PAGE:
Posts Tagged ‘Eastern District of Wisconsin’
Wednesday, November 3rd, 2010

Former U.S. Attorneys in South Dakota, Wisconsin and Colorado won elections Tuesday night for state attorney general, while a fourth former Justice Department lawyer, Dan Gelber, lost the race for Florida Attorney General to his Republican opponent.

Martin Jackley

With all precincts reporting, Republican Marty Jackley, who was South Dakota U.S. Attorney from 2006 to 2009, stayed on as his state’s attorney general with 67 percent of the vote. His challenger, Democrat Ron Volesky, a former state senator, received 33 percent of the vote.

Jackley resigned as U.S. Attorney in September 2009, when South Dakota Gov. Mike Rounds (R) appointed him to serve out the remainder of former Attorney General Larry Long’s term. Rounds had tapped Long for a state judgeship.

J.B. Van Hollen

With 97 percent of precincts reporting, Republican J.B. Van Hollen, who was the U.S. Attorney for the Eastern District of Wisconsin from 2002 to 2006, was reelected as his state’s attorney general with 58 percent of the vote. His opponent, Democrat Scott Hassett, the former state Department of Natural Resources Secretary, received 42 percent of the vote.

Van Hollen won his first election for attorney general in 2006, after stepping down as U.S. Attorney.

Although the Associated Press and Denver Post have not yet called the race for Attorney General in Colorado, Republican John Suthers appears poised to win reelection.

John Suthers (gov)

With 86 percent of precincts reporting, Suthers, who was Colorado U.S. Attorney from 2001 to 2005, secured roughly 57 percent of the vote. His challenger, Democrat Stan Garnett, the district attorney in Boulder County, received 43 percent of ballots cast.

Suthers first became Colorado Attorney General after Gov. Bill Owens (R) appointed him to the post in 2005 to fill out the remainder of former Attorney General Ken Salazar’s term. Salazar was elected to the Senate in 2004. Suthers was first elected to a full term as the state’s Attorney General in 2006.

Dan Gelber (gov)

In the Florida race, Gelber, who was a Southern District of Florida Assistant U.S. Attorney from 1986 to 1994, received 41 percent of the vote with 98 percent of precincts reporting. His opponent, Republican Pam Bondi, a former state prosecutor, won 55 percent of the vote.

Former U.S. Attorney Lenny Rapadas of Guam also won his territory’s Attorney General election. He led the U.S. Attorney’s offices in Guam and the Northern Mariana Islands from 2003 until earlier this year.

Monday, August 2nd, 2010

James Santelle (DOJ)

Attorney General Eric Holder is slated to be on hand Wednesday for the ceremonial investiture for the Eastern District of Wisconsin U.S. Attorney, according to a spokesman for the U.S. Attorney.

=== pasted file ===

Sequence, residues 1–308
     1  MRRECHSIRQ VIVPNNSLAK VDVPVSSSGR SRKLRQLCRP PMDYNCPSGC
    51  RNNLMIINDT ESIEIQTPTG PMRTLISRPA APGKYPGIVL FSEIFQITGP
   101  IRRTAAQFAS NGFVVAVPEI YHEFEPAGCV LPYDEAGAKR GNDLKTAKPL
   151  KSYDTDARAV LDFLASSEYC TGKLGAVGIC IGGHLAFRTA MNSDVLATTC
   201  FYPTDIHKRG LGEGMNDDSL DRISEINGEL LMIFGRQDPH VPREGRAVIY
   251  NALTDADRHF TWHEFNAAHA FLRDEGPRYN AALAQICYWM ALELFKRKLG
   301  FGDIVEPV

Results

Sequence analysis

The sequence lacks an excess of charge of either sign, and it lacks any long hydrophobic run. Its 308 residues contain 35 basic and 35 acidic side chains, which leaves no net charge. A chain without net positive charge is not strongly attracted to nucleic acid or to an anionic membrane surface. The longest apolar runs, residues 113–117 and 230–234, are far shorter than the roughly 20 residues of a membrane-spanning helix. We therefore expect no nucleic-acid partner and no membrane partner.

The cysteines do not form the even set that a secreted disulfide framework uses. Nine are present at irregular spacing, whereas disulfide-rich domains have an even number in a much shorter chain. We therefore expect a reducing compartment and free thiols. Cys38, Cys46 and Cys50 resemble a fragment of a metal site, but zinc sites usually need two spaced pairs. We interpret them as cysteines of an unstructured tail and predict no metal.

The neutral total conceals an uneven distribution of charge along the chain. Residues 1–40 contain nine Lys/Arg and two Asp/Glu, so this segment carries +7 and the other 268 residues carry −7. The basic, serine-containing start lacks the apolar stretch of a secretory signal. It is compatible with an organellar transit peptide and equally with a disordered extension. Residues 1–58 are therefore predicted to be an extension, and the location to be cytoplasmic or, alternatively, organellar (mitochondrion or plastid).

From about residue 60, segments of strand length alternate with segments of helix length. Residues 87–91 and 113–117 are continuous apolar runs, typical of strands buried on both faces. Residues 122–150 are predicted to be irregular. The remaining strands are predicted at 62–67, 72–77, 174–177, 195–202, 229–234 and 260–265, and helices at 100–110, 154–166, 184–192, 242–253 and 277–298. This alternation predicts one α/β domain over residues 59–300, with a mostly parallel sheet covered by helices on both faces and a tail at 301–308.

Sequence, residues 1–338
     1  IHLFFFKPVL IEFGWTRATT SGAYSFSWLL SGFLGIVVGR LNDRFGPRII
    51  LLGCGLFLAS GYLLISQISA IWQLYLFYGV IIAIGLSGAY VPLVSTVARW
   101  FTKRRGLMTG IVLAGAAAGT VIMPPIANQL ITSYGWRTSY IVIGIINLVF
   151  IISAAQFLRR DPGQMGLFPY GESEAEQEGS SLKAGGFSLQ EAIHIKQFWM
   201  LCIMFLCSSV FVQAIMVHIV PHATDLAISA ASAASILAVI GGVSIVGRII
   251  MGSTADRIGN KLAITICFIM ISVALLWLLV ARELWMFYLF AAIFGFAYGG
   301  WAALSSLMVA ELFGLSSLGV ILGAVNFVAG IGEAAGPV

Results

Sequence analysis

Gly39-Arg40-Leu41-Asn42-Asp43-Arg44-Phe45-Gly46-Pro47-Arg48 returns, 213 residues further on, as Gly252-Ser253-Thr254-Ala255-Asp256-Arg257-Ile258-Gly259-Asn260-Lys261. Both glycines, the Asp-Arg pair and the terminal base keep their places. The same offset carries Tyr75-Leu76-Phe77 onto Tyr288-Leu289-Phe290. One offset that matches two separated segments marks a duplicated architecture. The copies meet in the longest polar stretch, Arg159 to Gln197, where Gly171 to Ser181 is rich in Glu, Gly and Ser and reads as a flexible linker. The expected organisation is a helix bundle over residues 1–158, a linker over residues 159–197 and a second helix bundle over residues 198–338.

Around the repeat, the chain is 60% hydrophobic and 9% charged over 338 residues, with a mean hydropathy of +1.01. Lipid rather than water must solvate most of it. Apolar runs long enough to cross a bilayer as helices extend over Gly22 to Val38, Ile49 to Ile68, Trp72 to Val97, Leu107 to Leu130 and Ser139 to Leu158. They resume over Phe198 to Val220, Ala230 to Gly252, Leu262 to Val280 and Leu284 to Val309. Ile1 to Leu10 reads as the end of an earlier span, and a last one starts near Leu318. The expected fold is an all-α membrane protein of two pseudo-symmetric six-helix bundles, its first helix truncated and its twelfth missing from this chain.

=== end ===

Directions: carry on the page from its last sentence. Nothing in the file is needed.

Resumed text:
Milwaukee-based U.S. Attorney James Santelle was officially sworn in January. But U.S. Attorneys usually have a ceremonial investiture later on, with local, state and federal leaders in attendance.

Holder has attended 11 U.S. Attorney swearing in ceremonies so far.

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Friday, May 28th, 2010

The Justice Department’s Office of Professional Responsibility has cleared a former U.S. Attorney for the Eastern District of Wisconsin in its investigation into the 2006 U.S. Attorney firings, according to a DOJ letter sent to members of Congress this week.

Steven M. Biskupic (Marquette University)

The DOJ’s internal watchdog concluded after two years that politics did not motivate former U.S. Attorney Steven Biskupic to order the prosecution of a career state official, who was accused of directing contracts to a firm with connections to Democratic Party officials.

Georgia Thompson, a Wisconsin procurement official, was convicted but her case was dismissed by a federal appeals court. One appeals court judge said the prosecutors’ evidence in the case was “beyond thin.”

The prosecution came as the Bush administration fired nine U.S. Attorneys. The case got the attention of Democrats who questioned whether Biskupic was currying favor with the Bush administration.

“OPR found no evidence that Mr. Biskupic was ever told his job was in jeopardy and no evidence that department personnel involved in the decision to remove certain United States Attorneys knew anything about the Thompson investigation,” Assistant Attorney General Ronald Weich wrote in a letter (below) to members of the House Judiciary Committee. “Accordingly, OPR concluded that Mr. Biskupic did not breach any professional obligation in this matter, but rather, acted appropriately under the circumstances.”

Biskupic, a partner at the Michael Best & Friedrich LLP law firm in Milwaukee, told the Wall Street Journal that “the letter speak[s] for itself.”

“I spent almost 20 years in the department,” he said. “I remain proud of the work I did under multiple administrations.”

Conyers Reply Letter Re Biskupic

Monday, January 4th, 2010

Over the holiday week, five U.S. Attorneys were sworn in. They are:

  • James L. Santelle (Eastern District of Wisconsin): The former Assistant U.S. Attorney for the Eastern District of Wisconsin was sworn in this morning. He was confirmed Dec. 24. Santelle replaces Bush appointee Steven Biskupic. Biskupic was appointed U.S. Attorney in May 2002. In 2007, Biskupic and his office came under review by congressional investigators looking into the dismissal of U.S. Attorneys. He resigned in January 2009 to join the Milwaukee law firm of Michael Best & Friedrich as a litigator.
  • Beth Phillips (Western District of Missouri): The former Assistant U.S. Attorney for the Western District of Missouri was sworn in Dec. 31. She was confirmed Dec. 24. Phillips replaces Bush appointee John Wood. Wood headed the office from 2007 to 2009 before resigning in February to join the D.C. office of a leading Wall Street law firm as a partner.
  • Mike Cotter (District of Montana): The private practice attorney was sworn in Dec. 30. He was confirmed Dec. 24. Cotter replaces controversial Bush appointee William Mercer, who had held the post since 2001. Mercer wore two hats at DOJ, serving as U.S. Attorney and as Acting Associate Attorney General from September 2006 to June 2007. At DOJ headquarters, he assisted in the politicized firings of other U.S. Attorneys, congressional investigators found. A federal judge and leading Democrats in Montana had called for his resignation.